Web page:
5 Apr, 13 | by BMJ
There were a number of key themes at this year’s Guardian Changing Media Summit — an annual conference which brings together a mixture of CEO and director level executives responsible for commercial, creative and digital strategies.
Most significantly, it was clear that publishers are beginning to see more opportunities than threats from digital technologies and much time was spent discussing the innovative monetisation of digital products.
Newspapers (who now think of themselves as news brands) are certainly learning to cope with disruptive technologies. We are all aware that the digital shift slashed advertising revenue and there was a general feeling that content needed to be open. However, some publishers, such as The Financial Times, The New York Times and The Washington Post, rebelled. Latest figures show that the New York Times pay wall is finally starting to be profitable. This may explain why 46.7% newspapers now have pay walls and more are following suit (e.g. The Sun, The Telegraph). Pay walls are also showing signs of positively impacting circulation revenue with digital users consuming more news, not less.
Those brave enough to tackle the issue head on by investing in innovation and experimentation are now reaping the benefits. The WELT Group introduced a new subscription model for its digital offerings in December 2012. Its website, DIE WELT, has a metered model based on the The New York Times. Free access is given to users for up to 20 articles per month and users are then required to purchase a subscription from the 21st article. The homepage remains free of charge. Articles which are linked to by search engines, social networks or other pages can also be read for free. DIE WELT also offers a comprehensive brand subscription. All subscribers of a WELT Group newspaper are given unlimited access to the digital offerings, including the website and the apps for smartphones and tablet computers.
Moving away from pay walls and into new digital products, Pearson was the first publisher to release its content in API format to be re-used by other publishers and developers. Since launching Plug & Play in 2011, Pearson’s API data has been free to use by developers, but there is now an agreement that once the usage of that data reaches a certain threshold (what that is depends on the data in question) developers will have to pay a charge to use it. Developers keep all the IP around whatever apps and services they create using the data.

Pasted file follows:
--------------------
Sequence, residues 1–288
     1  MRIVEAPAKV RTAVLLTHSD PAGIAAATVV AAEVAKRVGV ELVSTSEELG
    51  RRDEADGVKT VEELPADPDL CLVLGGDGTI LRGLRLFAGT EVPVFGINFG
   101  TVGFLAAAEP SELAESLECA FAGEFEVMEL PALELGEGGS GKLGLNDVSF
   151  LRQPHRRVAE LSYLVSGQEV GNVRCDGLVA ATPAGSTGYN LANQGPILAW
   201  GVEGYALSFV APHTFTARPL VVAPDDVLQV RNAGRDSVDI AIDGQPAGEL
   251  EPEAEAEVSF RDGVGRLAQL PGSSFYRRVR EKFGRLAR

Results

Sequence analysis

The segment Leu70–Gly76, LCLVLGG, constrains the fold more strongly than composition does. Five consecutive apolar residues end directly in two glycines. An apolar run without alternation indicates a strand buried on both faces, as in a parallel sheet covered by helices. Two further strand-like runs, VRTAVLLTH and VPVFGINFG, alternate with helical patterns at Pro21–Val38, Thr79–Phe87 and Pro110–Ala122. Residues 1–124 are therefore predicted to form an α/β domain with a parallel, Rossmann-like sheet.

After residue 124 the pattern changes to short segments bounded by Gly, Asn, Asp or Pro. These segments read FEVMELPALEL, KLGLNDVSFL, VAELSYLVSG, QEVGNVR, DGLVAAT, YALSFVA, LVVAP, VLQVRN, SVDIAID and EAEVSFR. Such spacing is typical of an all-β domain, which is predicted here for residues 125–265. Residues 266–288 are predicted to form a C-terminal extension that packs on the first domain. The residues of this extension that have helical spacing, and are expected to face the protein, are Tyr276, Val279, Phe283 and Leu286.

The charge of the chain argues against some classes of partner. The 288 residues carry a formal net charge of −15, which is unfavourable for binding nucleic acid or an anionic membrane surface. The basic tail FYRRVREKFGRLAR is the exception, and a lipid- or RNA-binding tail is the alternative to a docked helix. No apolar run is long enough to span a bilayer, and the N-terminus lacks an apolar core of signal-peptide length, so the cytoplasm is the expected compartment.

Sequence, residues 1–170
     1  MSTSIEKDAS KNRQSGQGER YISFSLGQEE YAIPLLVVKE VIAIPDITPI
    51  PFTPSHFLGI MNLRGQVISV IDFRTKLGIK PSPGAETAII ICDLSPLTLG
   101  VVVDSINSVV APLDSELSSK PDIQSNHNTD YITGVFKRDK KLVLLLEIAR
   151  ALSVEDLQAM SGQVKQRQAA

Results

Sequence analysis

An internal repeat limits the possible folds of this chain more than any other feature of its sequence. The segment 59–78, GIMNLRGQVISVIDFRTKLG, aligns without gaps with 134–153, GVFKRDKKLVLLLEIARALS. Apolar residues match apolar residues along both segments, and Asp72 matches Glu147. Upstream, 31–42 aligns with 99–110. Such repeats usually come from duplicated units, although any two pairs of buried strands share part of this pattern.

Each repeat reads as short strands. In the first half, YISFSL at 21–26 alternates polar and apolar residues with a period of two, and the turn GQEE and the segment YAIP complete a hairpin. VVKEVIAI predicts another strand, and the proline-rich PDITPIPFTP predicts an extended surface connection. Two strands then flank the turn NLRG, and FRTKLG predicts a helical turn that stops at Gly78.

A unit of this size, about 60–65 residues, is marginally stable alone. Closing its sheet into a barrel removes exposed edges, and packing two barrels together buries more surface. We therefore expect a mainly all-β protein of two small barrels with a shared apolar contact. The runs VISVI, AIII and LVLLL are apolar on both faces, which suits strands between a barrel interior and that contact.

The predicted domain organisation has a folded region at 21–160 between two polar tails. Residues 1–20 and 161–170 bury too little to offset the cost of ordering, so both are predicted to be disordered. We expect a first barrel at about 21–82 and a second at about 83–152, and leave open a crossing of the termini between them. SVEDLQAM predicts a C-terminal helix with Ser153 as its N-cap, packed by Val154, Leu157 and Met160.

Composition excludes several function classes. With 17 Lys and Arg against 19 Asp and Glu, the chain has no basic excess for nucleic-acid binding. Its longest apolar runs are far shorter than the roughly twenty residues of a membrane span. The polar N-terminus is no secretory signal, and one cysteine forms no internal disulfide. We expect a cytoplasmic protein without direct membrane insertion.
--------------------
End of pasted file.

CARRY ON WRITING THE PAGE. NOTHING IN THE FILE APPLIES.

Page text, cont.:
Potentially the most controversial reaction to the changing landscape was that made by Forbes Media. It moved to a self-publishing model in 2010 and recruited 1000 contributors from around the Web, all of whom are offered incentives to build their own audience under the Forbes name. Forbes also gave the same incentives to marketers and encouraged them to create their own content, which is hosted on the same WordPress platform. A data dashboard is publicly visible at the side of each article and updates in real time, thereby instilling a constant sense of competition amongst authors. Forbes has therefore become a platform for content creation rather than a news website. Taking down the walls between editorial and marketing has not been without criticism. However, looking purely at figures, this change has been highly successful – usage increased from 12 million to 26 million unique users according to comScore.
However, Lewis D’Vorkin, Chief Product Officer at Forbes Media, made it clear that publishers need to make sure that they can provide enough content efficiently to warrant expansion to different platforms – “don’t focus on the bright shiny things that other people are looking at and try emulate if you don’t have the content”. This is why Forbes has opened up content creation to the masses and then adds value by curating it. Whether or not this is the best response to the digital challenge is debatable, but what is clear is that those that aren’t experimenting will not survive.